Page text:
Parts Vinyl chloride-vinyl acetate copolymer (dispersion grade) Dioctyl phthalate 30 Dipr'opylene glycol dibenzoate 30 Stabilizer 6 Example 75 A transparent organosol was prepared by mixing the following ingredients:

Parts Vinyl chloride polymer (dispersion grade) 100 Dioctyl phthalate 17 Tricresyl phosphate 8.5 Polyester plasticizer 8.5 Stabilizer 2.0 Mineral spirits 24 31 Example 76 f A foamable plastisol was prepared having the following composition:

The plastisol had a Brookfield viscosity of 6,400 (2 r.p.m., No. 3 Spindle).

Example 77 The plastisol of Example 73 is applied as a uniform coating of about 0.008 inch in thickness on the surface of a release paper. The release paper has a coating of a complex compound of the Werner type in which a trivalent nuclear chromium atom is coordinated with an acrylic carboxylic acido group having at least 10 carbon atoms.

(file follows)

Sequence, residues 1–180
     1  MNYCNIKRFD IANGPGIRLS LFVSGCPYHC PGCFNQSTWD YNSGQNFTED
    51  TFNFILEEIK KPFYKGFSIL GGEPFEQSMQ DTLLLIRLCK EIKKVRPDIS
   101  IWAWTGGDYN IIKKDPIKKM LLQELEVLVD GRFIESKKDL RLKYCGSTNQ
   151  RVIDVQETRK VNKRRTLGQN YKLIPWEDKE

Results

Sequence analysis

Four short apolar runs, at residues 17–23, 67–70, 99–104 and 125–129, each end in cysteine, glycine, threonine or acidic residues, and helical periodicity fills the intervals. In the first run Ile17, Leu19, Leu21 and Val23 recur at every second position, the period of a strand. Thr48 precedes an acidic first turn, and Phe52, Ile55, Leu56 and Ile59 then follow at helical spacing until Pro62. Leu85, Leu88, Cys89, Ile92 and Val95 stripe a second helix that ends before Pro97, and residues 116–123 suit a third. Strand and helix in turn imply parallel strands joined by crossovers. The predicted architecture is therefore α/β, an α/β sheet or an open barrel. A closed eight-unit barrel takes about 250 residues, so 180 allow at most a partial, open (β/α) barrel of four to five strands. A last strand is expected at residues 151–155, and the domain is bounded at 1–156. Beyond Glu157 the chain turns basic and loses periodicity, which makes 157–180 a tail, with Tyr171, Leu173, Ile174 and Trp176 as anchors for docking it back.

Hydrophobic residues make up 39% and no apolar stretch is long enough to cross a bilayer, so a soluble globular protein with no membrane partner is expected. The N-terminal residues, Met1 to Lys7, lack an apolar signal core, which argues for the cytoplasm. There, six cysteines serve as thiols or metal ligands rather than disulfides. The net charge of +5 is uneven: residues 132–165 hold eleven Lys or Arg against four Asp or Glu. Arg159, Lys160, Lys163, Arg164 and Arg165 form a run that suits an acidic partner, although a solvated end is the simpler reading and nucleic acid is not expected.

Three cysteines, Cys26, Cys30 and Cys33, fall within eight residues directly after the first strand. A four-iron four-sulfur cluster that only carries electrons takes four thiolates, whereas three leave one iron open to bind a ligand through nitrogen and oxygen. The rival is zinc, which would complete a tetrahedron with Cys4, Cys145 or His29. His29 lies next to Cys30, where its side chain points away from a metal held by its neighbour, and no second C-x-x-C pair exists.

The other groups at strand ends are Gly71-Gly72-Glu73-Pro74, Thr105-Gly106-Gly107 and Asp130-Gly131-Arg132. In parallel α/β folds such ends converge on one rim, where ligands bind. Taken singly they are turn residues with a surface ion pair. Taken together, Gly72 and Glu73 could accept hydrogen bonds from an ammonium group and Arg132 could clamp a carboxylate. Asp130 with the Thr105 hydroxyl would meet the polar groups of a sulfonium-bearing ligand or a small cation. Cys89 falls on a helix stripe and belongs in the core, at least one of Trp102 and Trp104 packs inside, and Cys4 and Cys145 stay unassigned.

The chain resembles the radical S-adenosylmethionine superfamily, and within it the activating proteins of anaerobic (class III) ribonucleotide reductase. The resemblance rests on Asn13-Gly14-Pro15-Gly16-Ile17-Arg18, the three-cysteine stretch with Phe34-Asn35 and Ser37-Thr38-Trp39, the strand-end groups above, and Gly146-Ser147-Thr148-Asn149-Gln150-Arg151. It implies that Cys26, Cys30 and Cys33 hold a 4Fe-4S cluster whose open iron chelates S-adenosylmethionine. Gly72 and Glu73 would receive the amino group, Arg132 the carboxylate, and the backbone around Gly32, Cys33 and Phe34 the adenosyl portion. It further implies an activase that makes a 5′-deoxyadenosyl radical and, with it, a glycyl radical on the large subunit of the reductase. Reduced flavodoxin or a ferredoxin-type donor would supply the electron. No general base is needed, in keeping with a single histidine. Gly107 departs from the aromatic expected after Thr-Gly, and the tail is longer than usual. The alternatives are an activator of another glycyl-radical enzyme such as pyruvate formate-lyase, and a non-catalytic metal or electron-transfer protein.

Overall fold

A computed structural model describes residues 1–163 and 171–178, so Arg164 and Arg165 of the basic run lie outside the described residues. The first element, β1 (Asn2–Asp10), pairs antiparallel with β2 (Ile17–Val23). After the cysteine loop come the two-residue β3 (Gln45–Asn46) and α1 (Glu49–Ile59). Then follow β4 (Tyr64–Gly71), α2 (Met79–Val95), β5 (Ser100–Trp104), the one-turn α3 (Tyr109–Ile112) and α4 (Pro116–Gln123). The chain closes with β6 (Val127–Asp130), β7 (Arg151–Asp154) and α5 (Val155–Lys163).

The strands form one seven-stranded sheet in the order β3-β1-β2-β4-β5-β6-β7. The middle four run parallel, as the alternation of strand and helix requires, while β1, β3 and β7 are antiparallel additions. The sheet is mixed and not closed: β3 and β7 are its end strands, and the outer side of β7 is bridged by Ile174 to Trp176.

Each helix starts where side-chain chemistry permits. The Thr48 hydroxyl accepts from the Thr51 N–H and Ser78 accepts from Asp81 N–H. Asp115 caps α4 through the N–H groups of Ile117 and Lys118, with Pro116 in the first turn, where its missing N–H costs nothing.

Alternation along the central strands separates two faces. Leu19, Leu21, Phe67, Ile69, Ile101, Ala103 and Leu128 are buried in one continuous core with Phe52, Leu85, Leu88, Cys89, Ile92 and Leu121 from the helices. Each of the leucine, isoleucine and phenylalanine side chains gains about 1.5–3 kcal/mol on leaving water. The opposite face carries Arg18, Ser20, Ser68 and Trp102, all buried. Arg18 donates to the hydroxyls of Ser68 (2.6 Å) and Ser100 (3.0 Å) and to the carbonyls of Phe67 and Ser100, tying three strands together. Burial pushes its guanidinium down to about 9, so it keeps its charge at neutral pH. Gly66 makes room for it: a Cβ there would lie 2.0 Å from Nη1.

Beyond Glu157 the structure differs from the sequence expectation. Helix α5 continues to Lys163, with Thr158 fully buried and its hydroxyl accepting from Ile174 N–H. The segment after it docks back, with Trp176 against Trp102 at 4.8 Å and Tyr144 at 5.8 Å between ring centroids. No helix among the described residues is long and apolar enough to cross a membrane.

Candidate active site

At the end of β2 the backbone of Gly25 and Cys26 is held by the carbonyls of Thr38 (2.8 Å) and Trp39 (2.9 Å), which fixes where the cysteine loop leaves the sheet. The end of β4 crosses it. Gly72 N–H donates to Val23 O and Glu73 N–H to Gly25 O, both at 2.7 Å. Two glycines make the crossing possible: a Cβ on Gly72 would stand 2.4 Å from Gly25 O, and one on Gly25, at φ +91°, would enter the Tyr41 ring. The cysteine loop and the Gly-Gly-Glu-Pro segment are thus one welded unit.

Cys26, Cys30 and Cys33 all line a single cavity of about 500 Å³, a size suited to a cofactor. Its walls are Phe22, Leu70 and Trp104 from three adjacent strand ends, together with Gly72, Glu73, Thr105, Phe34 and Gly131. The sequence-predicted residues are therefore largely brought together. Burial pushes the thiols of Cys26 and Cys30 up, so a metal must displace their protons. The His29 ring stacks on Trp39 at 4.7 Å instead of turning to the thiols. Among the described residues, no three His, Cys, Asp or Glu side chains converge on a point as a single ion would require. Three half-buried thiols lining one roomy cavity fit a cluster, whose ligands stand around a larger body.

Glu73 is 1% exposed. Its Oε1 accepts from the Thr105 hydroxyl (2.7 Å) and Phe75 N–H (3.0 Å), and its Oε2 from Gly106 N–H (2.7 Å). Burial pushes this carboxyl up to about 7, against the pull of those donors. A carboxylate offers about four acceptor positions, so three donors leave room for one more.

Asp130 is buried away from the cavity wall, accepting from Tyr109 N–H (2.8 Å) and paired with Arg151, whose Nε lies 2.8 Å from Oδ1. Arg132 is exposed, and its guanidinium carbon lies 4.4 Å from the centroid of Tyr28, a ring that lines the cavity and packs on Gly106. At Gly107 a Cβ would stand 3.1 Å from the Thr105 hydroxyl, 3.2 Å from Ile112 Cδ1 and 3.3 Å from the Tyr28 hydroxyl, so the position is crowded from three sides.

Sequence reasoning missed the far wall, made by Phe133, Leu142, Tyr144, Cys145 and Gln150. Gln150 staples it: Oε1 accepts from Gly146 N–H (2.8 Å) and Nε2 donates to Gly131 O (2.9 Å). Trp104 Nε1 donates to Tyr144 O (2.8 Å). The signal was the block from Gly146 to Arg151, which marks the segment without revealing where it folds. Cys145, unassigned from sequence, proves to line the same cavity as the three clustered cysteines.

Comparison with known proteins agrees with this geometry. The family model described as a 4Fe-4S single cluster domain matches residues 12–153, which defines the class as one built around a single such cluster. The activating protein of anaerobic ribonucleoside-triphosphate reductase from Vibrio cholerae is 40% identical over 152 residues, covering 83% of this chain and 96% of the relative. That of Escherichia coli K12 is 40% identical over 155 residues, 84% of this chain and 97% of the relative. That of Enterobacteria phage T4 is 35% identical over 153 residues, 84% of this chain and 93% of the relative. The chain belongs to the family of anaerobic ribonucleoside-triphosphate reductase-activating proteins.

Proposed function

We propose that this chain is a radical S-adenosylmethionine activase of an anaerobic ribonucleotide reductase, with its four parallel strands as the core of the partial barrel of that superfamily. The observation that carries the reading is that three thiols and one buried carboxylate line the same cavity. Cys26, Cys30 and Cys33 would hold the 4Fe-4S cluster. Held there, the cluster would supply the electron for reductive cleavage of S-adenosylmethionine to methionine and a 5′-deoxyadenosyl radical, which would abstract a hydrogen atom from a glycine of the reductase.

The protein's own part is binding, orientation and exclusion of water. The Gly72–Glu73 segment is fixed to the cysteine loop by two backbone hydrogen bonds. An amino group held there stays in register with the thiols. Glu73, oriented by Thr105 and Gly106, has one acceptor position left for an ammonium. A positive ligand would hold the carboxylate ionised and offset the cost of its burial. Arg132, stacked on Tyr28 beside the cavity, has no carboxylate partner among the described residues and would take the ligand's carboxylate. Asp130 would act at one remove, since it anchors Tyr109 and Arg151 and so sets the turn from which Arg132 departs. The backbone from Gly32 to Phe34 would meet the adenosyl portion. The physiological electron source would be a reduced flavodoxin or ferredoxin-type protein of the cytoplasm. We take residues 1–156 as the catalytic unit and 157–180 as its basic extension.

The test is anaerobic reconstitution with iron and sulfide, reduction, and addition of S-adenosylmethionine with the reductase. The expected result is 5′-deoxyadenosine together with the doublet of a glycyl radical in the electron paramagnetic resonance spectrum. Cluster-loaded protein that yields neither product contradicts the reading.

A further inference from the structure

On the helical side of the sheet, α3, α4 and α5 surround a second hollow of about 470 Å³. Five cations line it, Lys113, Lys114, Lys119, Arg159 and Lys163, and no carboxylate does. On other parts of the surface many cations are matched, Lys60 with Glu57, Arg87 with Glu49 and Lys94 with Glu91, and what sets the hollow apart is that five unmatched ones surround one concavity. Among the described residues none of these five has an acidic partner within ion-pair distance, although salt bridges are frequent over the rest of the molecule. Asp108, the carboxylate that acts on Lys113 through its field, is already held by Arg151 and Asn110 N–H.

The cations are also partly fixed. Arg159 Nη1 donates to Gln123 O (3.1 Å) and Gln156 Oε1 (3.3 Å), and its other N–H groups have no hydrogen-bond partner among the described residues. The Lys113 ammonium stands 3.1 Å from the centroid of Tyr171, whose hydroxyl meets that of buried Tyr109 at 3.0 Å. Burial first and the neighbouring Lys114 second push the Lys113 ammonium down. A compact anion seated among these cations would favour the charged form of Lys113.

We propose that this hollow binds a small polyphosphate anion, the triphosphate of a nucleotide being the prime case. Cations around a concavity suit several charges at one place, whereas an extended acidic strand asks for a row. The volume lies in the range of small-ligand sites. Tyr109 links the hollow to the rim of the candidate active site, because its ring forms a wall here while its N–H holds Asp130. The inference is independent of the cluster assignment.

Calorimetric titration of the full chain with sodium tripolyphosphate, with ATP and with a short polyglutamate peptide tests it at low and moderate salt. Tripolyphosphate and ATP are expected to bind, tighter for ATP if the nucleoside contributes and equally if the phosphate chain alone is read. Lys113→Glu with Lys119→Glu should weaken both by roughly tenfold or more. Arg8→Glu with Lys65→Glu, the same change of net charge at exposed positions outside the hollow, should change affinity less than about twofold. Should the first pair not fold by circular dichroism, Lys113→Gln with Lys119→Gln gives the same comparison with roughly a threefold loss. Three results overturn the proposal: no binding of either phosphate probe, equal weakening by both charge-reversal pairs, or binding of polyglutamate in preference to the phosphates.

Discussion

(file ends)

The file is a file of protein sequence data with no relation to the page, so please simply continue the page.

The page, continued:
Such a composition is disclosed in United States Patent 2,273,040, issued February 17, 1942. The plastisol coating is then heated to a temperature of 300 F. for 1 minute to gel the composition. The gelled coating is then cooled. The cooled gelled product is then passed through a rotogravure press which prints a five-color design on the surface of the gelled coating. Some of the printing composition applied had the formula of Example 20 wherein the inhibitor was hydroquinone. The remaining printing composition did not contain an inhibitor. The plastisol composition of Example 74 was then coated on the surface of the printed, gelled coating to form a uniform coating of 0.005 inch in thickness. The coatings were then heated to a temperature of 400 F. for a period of 2 minutes to fuse the compositions and completely decompose the blowing agent to form a foam layer of 0.040 inch thickness integrally bonded to the wear layer of 0.005 inch thickness. The fused and foamed product was then cooled and the release paper stripped from the back of the product. The resulting product has a foam underlayer with a solid resinous wear layer integrally bonded thereto. The product had depressions in its surface corresponding to the places where the ink containing the inhibitor was applied. The depressions were about 0.030 inch in depth.